Monitoring Accumulated Training and Match Load in Football: A Systematic Review

Int J Environ Res Public Health. 2021 Apr 8;18(8):3906. doi: 10.3390/ijerph18083906.


(1) Background: Training load monitoring has become a relevant research-practice gap to control training and match demands in team sports. However, there are no systematic reviews about accumulated training and match load in football. (2) Methods: Following the preferred reporting item for systematic reviews and meta-analyses (PRISMA), a systematic search of relevant English-language articles was performed from earliest record to March 2020. The search included descriptors relevant to football, training load, and periodization. (3) Results: The literature search returned 7972 articles (WoS = 1204; Pub-Med = 869, SCOPUS = 5083, and SportDiscus = 816). After screening, 36 full-text articles met the inclusion criteria and were reviewed. Eleven of the included articles analyzed weekly training load distribution; fourteen, the weekly training load and match load distribution; and eleven were about internal and external load relationships during training. The reviewed articles were based on short-telemetry systems (n = 12), global positioning tracking systems (n = 25), local position measurement systems (n = 3), and multiple-camera systems (n = 3). External load measures were quantified with distance and covered distance in different speed zones (n = 27), acceleration and deceleration (n = 13) thresholds, accelerometer metrics (n = 11), metabolic power output (n = 4), and ratios/scores (n = 6). Additionally, the internal load measures were reported with perceived exertion (n = 16); heart-rate-based measures were reported in twelve studies (n = 12). (4) Conclusions: The weekly microcycle presented a high loading variation and a limited variation across a competitive season. The magnitude of loading variation seems to be influenced by the type of week, player's starting status, playing positions, age group, training mode and contextual variables. The literature has focused mainly on professional men; future research should be on the youth and female accumulated training/match load monitoring.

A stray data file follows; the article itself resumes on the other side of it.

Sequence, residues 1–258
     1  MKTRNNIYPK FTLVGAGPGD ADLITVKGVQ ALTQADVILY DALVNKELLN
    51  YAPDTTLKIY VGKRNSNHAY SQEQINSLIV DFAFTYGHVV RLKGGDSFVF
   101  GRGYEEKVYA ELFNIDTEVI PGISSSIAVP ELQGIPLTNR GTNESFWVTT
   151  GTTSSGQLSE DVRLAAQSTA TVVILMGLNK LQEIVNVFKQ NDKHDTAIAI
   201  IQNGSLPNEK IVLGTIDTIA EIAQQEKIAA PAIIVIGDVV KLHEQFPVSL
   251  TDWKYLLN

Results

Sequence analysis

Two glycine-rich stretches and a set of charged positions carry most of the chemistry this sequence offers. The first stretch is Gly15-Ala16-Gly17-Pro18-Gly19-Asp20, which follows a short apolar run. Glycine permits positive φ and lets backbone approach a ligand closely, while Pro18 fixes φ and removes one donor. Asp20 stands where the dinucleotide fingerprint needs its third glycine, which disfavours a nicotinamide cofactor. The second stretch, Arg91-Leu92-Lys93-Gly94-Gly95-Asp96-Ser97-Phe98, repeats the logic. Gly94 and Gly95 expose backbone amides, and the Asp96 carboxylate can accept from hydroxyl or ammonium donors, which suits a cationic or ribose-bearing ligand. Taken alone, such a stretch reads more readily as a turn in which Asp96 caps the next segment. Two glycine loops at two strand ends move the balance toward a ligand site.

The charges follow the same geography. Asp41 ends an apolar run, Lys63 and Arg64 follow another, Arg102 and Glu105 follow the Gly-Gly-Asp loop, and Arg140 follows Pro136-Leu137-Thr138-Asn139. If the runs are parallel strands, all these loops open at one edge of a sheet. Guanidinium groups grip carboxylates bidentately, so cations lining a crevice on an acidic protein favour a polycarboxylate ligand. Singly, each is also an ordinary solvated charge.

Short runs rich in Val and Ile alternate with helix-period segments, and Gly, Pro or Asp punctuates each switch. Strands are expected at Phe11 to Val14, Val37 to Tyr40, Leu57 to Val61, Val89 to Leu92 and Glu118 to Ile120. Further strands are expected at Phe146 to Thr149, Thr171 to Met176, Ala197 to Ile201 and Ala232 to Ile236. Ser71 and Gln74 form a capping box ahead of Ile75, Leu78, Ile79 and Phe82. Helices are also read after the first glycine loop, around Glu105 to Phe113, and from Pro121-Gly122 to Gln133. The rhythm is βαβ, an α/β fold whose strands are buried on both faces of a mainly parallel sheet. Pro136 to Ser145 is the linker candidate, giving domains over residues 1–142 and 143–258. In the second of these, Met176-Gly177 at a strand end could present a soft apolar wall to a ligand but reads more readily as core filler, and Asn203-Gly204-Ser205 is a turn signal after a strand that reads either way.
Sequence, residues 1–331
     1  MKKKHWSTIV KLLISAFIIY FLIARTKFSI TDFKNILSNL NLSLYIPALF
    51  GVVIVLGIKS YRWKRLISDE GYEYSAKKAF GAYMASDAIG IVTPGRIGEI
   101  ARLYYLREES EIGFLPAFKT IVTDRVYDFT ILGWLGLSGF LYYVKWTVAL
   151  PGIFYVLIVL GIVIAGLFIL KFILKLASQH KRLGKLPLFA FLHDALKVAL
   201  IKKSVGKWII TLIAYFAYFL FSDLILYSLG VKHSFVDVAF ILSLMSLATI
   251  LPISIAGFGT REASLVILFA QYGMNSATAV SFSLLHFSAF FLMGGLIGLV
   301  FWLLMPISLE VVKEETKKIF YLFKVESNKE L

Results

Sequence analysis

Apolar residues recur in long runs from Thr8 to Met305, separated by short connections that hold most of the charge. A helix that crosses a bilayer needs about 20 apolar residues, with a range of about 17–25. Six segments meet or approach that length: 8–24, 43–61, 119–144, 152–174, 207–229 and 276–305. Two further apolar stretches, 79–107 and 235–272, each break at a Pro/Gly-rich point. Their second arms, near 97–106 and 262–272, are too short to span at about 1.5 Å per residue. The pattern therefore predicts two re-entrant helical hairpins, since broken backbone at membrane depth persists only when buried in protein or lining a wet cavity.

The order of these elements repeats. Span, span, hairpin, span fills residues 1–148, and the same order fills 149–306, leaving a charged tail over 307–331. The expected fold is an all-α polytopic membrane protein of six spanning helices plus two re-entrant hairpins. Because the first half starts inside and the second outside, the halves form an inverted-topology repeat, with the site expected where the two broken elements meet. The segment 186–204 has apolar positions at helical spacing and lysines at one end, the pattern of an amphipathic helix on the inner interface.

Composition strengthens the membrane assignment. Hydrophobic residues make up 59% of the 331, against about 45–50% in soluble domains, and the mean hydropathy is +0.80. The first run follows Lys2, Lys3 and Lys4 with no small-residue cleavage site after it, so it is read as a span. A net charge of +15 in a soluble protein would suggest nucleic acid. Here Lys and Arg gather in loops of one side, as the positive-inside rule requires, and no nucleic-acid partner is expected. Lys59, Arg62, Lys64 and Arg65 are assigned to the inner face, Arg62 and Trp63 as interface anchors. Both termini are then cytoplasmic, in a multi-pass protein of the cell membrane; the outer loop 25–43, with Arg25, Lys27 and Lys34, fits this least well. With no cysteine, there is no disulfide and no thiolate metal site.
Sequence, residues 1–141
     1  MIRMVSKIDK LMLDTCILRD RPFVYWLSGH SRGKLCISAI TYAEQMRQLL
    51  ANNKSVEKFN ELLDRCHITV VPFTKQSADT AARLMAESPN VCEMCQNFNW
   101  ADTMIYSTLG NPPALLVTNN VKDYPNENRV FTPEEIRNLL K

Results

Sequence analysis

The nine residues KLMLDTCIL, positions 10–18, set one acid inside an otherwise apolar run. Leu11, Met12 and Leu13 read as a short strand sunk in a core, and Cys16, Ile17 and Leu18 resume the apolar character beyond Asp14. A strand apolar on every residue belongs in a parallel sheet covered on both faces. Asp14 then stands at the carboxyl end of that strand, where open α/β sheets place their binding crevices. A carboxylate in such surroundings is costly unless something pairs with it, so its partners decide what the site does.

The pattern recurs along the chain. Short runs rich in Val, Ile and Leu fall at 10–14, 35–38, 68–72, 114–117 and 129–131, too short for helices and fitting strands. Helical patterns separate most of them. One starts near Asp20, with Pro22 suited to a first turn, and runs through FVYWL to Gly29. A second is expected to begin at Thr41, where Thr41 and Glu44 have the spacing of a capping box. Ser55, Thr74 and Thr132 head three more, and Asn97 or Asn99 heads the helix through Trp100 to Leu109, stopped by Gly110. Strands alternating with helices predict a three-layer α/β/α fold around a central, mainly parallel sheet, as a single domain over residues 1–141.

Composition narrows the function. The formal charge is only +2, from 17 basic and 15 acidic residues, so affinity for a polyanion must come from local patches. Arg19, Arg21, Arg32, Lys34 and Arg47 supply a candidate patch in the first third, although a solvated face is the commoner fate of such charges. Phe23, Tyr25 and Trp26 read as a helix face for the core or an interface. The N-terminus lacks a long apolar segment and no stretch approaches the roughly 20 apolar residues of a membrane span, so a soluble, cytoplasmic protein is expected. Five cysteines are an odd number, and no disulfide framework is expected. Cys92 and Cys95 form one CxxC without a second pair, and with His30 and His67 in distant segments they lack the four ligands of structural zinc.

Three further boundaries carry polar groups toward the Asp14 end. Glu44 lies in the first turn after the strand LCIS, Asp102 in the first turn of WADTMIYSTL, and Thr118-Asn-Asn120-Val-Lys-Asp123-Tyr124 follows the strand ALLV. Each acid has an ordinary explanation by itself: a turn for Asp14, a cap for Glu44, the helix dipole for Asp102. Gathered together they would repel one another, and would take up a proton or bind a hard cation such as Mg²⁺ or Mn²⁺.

Keywords: match demands; performance; periodization; training control.

Publication types

  • Research Support, Non-U.S. Gov't
  • Review
  • Systematic Review

MeSH terms

  • Acceleration
  • Adolescent
  • Female
  • Football*
  • Geographic Information Systems
  • Humans
  • Male
  • Seasons
  • Soccer*